I can’t help to think where the Lakers would be if they had made a big offer to Greg Monroe when he was a restricted free agent in the summer of 2014. Instead we went after Lebron and Melo…
Myles Duve says
The issue with the “You’re that bad take the sure thing” logic is that it lends itself to the short-sighted mindset that many suggest is what currently has the Lakers handicapped. You’re taking the guy with the higher floor, maybe, but also with a significantly lower ceiling.
Secondly — and I know you’ve heard this before, but it’s true — there is no such “sure thing” . Every player has flaws and often those can serve as a big detriment down the line if not improved upon. In the case of Okafor, yeah he can probably average 16 & 8 right now but he struggles against size and tougher schemes and gives little effort on the defensive end — in a nutshell. So a “sure thing” in what context? Maybe in his ability to contribute good numbers immediately but outside of that we really don’t know whether he’ll be able to improve upon his deficiencies or even struggle with injuries down the line (this applies to all prospects).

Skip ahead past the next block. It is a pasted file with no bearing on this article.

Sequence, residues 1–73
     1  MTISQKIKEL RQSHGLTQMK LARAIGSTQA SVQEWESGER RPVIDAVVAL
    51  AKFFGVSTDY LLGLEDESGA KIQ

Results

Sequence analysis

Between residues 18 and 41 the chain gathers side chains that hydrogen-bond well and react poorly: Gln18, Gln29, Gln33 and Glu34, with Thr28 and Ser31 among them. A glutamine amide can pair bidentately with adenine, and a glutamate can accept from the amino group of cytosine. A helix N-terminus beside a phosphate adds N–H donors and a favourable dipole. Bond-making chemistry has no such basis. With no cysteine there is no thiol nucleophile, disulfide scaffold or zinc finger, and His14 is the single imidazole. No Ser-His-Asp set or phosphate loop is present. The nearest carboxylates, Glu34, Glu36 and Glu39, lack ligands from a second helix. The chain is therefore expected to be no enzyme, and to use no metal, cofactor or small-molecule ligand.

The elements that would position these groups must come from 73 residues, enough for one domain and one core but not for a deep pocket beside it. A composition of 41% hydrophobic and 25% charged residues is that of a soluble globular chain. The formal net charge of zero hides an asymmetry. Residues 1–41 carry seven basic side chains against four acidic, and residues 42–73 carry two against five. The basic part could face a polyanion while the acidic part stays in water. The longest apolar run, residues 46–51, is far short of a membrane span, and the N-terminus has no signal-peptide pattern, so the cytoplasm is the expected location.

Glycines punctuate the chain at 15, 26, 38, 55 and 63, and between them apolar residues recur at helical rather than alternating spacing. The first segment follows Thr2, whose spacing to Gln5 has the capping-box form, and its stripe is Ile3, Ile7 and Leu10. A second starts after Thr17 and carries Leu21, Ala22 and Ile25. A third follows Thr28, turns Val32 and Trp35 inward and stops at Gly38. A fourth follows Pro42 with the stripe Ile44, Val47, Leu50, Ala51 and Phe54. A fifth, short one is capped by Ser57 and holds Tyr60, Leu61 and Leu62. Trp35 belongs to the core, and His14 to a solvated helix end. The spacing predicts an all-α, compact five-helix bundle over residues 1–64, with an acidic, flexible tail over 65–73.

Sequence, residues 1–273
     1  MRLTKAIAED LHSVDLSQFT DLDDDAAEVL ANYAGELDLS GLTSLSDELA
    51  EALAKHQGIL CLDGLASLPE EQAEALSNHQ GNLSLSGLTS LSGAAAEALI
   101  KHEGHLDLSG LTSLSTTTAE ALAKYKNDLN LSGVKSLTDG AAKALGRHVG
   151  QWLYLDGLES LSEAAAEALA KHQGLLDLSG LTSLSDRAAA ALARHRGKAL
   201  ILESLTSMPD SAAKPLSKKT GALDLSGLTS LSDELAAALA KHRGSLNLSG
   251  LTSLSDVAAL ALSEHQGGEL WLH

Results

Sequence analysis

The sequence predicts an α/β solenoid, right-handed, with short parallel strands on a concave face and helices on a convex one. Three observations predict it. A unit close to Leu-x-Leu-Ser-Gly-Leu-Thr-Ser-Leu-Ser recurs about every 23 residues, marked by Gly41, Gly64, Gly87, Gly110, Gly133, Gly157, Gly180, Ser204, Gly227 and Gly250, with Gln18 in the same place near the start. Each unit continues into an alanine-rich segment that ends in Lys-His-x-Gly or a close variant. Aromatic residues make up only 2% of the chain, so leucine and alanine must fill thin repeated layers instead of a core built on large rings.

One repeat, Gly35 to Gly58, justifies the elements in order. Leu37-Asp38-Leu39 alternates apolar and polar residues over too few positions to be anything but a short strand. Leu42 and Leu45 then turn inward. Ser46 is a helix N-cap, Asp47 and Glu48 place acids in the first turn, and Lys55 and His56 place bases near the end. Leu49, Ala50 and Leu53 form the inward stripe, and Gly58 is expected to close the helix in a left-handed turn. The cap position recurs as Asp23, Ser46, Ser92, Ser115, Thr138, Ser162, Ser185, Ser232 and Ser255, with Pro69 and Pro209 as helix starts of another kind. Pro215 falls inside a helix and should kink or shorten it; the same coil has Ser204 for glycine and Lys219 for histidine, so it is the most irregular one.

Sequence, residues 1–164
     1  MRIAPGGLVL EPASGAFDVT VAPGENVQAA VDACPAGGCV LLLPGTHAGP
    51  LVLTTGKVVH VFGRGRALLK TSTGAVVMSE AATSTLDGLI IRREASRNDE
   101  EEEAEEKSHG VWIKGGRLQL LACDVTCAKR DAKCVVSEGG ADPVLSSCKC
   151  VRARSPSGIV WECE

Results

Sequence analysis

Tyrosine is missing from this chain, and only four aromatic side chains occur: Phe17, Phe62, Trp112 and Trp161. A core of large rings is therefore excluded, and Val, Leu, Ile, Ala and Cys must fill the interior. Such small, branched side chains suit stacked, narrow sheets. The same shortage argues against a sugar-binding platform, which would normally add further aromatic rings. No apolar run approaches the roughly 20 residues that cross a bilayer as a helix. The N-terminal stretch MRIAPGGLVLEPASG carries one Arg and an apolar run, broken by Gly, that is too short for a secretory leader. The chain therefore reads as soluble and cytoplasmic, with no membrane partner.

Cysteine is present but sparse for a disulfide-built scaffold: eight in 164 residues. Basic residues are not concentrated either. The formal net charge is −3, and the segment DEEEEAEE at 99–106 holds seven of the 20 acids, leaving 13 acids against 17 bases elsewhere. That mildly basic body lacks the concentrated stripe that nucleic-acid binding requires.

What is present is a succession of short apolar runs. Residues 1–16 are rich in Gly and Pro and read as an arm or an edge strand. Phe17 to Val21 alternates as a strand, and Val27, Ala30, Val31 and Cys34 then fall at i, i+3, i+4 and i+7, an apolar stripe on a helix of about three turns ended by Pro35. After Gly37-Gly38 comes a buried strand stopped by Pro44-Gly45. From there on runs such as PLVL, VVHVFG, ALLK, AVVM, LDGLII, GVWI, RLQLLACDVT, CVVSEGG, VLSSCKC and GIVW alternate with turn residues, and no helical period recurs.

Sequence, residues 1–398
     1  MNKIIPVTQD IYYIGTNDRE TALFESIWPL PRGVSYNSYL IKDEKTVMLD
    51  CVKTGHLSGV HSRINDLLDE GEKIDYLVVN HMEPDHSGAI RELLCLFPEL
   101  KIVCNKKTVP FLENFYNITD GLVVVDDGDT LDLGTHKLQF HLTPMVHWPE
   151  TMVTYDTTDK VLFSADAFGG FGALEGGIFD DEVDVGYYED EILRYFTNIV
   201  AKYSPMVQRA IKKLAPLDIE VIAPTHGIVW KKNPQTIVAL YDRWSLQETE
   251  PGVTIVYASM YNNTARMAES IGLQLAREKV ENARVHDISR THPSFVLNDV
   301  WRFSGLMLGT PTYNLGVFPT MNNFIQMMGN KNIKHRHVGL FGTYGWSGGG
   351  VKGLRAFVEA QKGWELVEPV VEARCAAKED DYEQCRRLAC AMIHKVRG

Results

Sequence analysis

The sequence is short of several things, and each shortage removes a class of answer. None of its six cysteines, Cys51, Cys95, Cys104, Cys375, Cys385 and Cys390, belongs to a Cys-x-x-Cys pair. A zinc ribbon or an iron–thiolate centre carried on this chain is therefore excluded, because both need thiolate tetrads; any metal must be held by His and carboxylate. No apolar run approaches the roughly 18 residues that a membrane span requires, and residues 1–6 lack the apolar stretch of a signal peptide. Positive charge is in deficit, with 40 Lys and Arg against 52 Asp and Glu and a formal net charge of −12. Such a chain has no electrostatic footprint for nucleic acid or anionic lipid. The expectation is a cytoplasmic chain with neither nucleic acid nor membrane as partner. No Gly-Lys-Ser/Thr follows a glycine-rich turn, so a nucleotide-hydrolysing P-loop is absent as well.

So no I’m not anti-Okafor, he’s talented . But I’m not claiming any player is a sure thing and in regards to him vs. Russell I personally think Russell has the greater upside and — struggling team or not — taking the player you believe can be the best down the line is always the smart choice.